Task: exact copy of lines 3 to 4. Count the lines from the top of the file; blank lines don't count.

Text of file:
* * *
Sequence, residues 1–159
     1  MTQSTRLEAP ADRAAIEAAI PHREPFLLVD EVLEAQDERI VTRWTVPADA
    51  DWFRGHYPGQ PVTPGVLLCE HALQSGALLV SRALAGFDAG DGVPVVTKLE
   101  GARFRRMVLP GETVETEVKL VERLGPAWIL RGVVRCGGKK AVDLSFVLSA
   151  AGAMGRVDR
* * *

    51  DWFRGHYPGQ PVTPGVLLCE HALQSGALLV SRALAGFDAG DGVPVVTKLE
   101  GARFRRMVLP GETVETEVKL VERLGPAWIL RGVVRCGGKK AVDLSFVLSA